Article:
A Memoir Blue Review (PS5) – Publisher Annapurna Interactive prides itself on publishing top notch indie games. Many great developers work through Annapurna Interactive, with Cloisters Interactive being one of them.
A Memoir Blue attempts a minimalistic presentation, replacing all dialogue with visual cues. While the game suffers from its fair share of choice consequences, A Memoir Blue does well enough to deliver a thoughtful story in its own way.
A Memoir Blue PS5 Review – A Melancholic Self-Exploration With A Few Stumbles
Swimming In The Deep
The story between daughter and mother takes center stage in A Memoir Blue, with you taking on the role of the daughter, Miriam. In the early moments, you quickly move from a traditional family setting into conflicting parents and ultimately leading to you and your mom going out on your own.
The remainder of the 60-minute story you experience sees you literally swimming in memories as you explore deeper and deeper into your past and your relationship with your mother. This short journey moves through your childhood and into early adulthood.
The game touches on several subjects, all of them revolving around the realities of living in a single parent home, experiencing many of your formative years forced into independence.
Style and Substance
Much of the sounds in A Memoir Blue do what they need to: simulate movement through water or tapping on a metal trophy. The few songs featured here, though, elevate the experience higher than it could go on its own.
E.hillman and IMOGEN deserve praise for creating such heartfelt songs that take to the foreground just enough to become a part of it and not overshadow the scenes they accompany. Bravo!
The game conveys this story purely through imagery, sound, and your interactions with each scene. The themes of the game reflect on the constant rain and constantly moving through open water as well, playing as a reminder of the struggle and loneliness that comes with it.
The game moves back and forth between 3D and 2D character models, with the memories appearing in 2D and your current self in 3D.
This juxtaposition works to great effect, symbolizing that simplistic perspective that we keep on memories: The important details stay while the finer, less important ones fall away.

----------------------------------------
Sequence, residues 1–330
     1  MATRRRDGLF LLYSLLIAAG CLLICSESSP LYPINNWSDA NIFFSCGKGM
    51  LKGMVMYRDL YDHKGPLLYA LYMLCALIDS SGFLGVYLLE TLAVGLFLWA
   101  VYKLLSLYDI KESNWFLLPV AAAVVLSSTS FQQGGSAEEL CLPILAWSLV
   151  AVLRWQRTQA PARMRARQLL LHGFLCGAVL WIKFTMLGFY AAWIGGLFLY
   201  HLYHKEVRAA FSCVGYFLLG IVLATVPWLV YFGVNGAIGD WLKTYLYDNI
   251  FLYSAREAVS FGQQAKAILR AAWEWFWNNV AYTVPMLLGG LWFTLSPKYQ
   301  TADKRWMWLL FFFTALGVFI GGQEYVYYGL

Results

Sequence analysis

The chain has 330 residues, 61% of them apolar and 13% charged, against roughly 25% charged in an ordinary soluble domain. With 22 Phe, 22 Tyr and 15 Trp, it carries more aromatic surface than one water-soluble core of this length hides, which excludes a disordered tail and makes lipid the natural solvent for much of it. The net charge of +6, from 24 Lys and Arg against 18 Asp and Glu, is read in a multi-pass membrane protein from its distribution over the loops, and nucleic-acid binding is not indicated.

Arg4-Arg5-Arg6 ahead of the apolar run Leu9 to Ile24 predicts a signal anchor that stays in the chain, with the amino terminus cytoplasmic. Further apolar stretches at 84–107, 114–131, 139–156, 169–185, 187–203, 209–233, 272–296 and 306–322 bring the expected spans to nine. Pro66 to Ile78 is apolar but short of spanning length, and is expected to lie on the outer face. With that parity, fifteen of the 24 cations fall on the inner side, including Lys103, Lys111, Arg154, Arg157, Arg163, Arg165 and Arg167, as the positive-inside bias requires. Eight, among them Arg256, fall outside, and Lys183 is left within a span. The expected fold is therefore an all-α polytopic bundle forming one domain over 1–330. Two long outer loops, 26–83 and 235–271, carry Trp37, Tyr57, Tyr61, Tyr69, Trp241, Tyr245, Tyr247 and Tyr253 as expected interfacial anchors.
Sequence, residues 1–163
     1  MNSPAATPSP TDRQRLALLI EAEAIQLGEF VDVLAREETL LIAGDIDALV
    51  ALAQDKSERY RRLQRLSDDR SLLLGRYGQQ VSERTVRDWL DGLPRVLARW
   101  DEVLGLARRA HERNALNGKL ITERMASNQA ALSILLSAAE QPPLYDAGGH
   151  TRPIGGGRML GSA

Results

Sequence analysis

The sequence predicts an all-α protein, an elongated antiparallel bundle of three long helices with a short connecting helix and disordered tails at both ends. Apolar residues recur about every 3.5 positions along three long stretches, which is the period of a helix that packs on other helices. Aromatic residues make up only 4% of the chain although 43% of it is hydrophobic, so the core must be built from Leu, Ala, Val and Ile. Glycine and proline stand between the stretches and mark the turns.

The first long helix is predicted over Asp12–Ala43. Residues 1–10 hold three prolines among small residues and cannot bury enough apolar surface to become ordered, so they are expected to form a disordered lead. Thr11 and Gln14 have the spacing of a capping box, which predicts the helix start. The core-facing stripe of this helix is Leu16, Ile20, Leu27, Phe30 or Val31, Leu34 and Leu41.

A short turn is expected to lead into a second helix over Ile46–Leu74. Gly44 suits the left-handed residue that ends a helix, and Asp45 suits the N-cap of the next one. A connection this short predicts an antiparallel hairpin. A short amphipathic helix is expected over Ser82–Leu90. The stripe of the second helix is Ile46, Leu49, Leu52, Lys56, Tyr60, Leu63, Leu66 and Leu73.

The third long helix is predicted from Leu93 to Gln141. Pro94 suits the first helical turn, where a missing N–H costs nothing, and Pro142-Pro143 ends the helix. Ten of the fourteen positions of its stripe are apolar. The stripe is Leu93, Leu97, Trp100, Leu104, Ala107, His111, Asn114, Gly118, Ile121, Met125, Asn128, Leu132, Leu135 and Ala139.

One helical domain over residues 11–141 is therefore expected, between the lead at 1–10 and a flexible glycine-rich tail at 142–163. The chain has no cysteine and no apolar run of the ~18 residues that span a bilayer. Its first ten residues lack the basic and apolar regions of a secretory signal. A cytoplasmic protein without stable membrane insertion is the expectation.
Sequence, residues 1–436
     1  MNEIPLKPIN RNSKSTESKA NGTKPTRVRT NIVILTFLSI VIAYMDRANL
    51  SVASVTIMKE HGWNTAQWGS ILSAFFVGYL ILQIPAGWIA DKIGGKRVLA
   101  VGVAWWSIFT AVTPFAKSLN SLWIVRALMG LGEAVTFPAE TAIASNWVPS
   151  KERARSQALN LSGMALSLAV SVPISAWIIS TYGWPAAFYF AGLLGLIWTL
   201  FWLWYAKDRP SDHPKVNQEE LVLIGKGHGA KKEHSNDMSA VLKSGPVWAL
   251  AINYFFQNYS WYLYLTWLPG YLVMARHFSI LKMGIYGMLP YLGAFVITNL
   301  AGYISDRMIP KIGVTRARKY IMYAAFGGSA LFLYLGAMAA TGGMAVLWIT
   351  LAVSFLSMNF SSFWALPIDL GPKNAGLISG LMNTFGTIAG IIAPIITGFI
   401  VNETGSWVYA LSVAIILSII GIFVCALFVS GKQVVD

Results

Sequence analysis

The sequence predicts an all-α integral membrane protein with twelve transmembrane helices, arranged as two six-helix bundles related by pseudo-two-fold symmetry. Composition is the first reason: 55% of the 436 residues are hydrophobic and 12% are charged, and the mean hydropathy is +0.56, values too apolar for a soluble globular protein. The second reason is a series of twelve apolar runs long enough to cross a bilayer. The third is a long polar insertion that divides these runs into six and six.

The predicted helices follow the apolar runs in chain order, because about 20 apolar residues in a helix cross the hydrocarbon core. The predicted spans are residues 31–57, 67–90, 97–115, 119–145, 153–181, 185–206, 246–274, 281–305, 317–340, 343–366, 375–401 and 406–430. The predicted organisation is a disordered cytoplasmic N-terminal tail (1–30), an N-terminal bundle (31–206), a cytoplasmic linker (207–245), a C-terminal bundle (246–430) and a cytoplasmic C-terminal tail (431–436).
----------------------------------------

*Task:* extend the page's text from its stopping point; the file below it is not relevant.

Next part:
Each scene asks you to interact with it, like turning stage lights on or opening doors manually. Using R2 jumps your cursor around to interactive items, but you still need to determine what to do with those items.
These required actions aren’t complicated, but you don’t get a feel for what you need to do right away. That’s the slight, yet ultimate issue with A Memoir Blue: conveyance.
After each little bit of story, the game asks you again to interact with something. A story is being told, but you need to break that pace over and over in order to keep moving forward.
In the second half of the game, the interactions feel much more organic and intrinsic to the story and the telling of that story. In the beginning, though, the interactions are much more opaque and require more investment.
I use these terms relatively, of course, because either way the game lasts only an hour or so.
At the same time, two or three minutes in an hour’s time is only about 3% of the game. However, compound those into five, six, even seven different interactions, and you’re looking at fumbling around 20% of the game.
To make matters worse, actually clicking on these items is tricky, since many of these items are small, making them more cumbersome to work with than they should be.
Casualties of Creativity
Looking back, several of the early-game interactions feel much more thoughtful than when I played through them. They create a sense of resistance to self-exploration. At the same time, there are many ways to stimulate that resistance, with less fumbling around.
What makes the second half more thoughtful, is how it allows you to take in the results of your self-exploration in one steady motion. Even though there are undoubtedly artistic decisions behind how the first half of the game plays out, I still can’t help but look back at it with frustration.
The first half of the game needs that same (or at least similar) level of steady pacing that the second half prides itself on.
I see what the game wants to do, and it does it beautifully. Equally so, the flaws remain.
But I know that I will still find myself thinking about A Memoir Blue days from now. I’ll be thinking about it’s story of adolescent struggle, and learning to understand that as an adult.
A Memoir Blue delivers a story many of us have lived but tells it in an almost subconscious way. Thoughtful visuals combined with balanced musical accompaniment and stellar featured songs, the game portrays sadness and regret without saying a word.
The pace in the first half of the game doesn’t do it any favors, forcing you to fumble through odd mechanics.
However, the short experience pays off with charm and grace and somehow ultimately makes its imperfections take a backseat to the eloquent story.
Not playing A Memoir Blue is doing yourself a disservice.
A Memoir Blue is available now on PS5 and PS4.